Schizophrenia is a complex disorder consisting of positive symptoms (paranoia, hallucinations, suspiciousness, and unusual thought content), negative symptoms (blunted affect, emotional withdrawal, and poor rapport), and cognitive impairments (attentional and memory deficits, impairments in executive function, and others) (Citrome 2014). Schizophrenia imposes a significant financial and humanistic burden because of factors such as institutionalization and adverse side effects from chronic medication use (Millier et al. 2014). Current antipsychotics have shown efficacy in treating positive symptoms associated with schizophrenia, but have had limited success with treating negative and cognitive symptoms (Citrome 2014). Thus, new treatment options with improved safety and tolerability profiles are needed to address these poorly controlled domains within schizophrenia (Citrome 2014).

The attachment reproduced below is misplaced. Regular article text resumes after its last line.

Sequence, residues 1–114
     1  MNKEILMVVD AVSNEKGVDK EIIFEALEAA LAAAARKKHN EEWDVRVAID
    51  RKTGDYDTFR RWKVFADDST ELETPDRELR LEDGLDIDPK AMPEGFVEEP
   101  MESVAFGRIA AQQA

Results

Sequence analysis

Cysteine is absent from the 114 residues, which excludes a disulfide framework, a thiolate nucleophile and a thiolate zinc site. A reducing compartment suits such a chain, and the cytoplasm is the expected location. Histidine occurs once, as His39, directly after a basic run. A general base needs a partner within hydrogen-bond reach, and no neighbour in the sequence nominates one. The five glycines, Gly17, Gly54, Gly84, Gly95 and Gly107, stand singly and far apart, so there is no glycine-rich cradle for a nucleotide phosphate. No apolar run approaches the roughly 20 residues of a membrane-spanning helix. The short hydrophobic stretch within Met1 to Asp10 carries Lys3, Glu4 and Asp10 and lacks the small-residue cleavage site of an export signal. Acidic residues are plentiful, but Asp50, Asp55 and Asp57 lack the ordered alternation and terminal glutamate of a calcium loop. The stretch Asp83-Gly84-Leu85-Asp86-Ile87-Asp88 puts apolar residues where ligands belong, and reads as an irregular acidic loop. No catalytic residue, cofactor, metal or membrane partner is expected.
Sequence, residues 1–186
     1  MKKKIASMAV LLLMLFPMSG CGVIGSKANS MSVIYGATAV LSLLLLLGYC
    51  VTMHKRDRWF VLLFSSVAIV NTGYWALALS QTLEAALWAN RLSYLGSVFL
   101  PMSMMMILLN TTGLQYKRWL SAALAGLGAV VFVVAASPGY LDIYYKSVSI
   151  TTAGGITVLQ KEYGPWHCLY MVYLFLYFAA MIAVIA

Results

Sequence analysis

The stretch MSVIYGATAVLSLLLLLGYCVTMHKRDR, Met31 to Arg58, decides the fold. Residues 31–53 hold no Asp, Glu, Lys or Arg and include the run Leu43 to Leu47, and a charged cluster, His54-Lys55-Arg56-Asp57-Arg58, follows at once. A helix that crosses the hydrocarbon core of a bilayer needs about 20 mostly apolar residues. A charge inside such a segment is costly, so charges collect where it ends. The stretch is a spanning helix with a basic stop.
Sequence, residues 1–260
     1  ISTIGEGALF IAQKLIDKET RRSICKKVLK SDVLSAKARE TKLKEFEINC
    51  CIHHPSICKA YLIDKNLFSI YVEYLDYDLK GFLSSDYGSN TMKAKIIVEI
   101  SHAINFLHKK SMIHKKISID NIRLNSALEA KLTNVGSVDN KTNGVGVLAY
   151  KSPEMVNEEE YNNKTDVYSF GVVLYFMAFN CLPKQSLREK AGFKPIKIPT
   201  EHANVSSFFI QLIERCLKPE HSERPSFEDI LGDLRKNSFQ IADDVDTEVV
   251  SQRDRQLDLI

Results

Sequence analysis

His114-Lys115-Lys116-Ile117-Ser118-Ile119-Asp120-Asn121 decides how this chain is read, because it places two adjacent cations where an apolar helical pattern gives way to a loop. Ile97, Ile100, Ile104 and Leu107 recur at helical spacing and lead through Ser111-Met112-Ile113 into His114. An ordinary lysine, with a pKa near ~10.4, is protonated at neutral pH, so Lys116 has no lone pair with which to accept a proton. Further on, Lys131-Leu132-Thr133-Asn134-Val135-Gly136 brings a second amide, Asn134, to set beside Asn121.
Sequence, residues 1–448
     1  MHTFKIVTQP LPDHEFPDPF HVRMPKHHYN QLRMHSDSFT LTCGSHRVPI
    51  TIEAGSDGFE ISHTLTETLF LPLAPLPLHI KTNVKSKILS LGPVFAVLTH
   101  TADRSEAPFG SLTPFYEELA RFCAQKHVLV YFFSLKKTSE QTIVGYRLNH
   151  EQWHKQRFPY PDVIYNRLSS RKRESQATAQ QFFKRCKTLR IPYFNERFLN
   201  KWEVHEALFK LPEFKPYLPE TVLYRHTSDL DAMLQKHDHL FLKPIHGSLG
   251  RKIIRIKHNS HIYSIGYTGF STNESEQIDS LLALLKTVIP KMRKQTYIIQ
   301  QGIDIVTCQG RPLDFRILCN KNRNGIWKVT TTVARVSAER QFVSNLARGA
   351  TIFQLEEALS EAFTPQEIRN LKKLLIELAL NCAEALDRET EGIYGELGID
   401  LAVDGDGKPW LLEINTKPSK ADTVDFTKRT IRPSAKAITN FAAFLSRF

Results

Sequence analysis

Ketamine, an N-methyl-D-aspartate (NMDA) receptor antagonist, is used clinically as a dissociative anesthetic (Yamakura et al. 2000). Ketamine also increases psychotic symptoms in individuals with schizophrenia (Lahti et al. 2001). Sub-anesthetic doses of ketamine induce effects that resemble schizophrenia symptoms in healthy individuals, and have therefore been used as a model for schizophrenia in humans (Abi-Saab et al. 1998; Lahti et al. 2001) (reviewed in Frohlich and Van Horn 2014). Specifically, ketamine impairs working memory and psychomotor function in healthy volunteers (Driesen et al. 2013; Lofwall et al. 2006; Morgan et al. 2004) and induces changes in blood oxygen level-dependent (BOLD) signal as measured by functional magnetic resonance imaging (fMRI) (De Simoni et al. 2013; Driesen et al. 2013). In previous studies, ketamine-induced changes in BOLD signal have been shown to be reversed by risperidone, a dopamine receptor antagonist and atypical antipsychotic (Doyle et al. 2013; Shcherbinin et al. 2015).